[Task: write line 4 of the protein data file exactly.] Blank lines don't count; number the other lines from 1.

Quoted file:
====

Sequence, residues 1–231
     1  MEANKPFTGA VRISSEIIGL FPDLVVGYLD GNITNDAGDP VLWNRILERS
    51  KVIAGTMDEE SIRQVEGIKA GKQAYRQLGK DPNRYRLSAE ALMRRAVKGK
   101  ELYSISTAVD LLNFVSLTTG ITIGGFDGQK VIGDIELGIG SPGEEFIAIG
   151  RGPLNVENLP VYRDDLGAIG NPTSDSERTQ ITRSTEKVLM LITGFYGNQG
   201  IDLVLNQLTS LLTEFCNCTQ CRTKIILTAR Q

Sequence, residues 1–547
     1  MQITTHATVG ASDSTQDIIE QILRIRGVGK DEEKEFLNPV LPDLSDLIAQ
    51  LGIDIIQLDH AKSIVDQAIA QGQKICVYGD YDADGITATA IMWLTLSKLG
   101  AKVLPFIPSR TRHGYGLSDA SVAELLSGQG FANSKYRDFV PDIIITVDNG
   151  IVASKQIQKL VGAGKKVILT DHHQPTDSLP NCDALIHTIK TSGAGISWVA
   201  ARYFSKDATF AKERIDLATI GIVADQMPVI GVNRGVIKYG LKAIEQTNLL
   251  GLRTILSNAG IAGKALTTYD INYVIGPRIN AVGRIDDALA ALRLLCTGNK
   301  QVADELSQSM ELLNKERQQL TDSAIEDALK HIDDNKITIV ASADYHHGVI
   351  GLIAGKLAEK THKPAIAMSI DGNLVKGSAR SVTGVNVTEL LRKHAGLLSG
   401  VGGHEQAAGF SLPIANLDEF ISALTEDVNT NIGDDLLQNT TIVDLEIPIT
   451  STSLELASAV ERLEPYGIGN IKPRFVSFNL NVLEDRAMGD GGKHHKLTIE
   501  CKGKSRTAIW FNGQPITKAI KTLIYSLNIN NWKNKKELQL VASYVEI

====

   101  ELYSISTAVD LLNFVSLTTG ITIGGFDGQK VIGDIELGIG SPGEEFIAIG